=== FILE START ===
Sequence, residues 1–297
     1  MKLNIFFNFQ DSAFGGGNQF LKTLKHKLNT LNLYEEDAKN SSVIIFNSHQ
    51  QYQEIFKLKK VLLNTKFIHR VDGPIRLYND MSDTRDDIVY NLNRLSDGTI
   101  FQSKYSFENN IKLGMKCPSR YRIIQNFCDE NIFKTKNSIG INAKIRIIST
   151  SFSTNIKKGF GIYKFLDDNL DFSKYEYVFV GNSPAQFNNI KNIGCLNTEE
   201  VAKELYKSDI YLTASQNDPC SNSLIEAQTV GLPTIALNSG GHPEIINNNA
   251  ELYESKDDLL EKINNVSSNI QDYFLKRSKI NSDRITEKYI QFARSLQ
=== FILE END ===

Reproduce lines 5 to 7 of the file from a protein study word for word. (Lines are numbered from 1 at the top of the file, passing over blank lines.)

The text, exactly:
   151  SFSTNIKKGF GIYKFLDDNL DFSKYEYVFV GNSPAQFNNI KNIGCLNTEE
   201  VAKELYKSDI YLTASQNDPC SNSLIEAQTV GLPTIALNSG GHPEIINNNA
   251  ELYESKDDLL EKINNVSSNI QDYFLKRSKI NSDRITEKYI QFARSLQ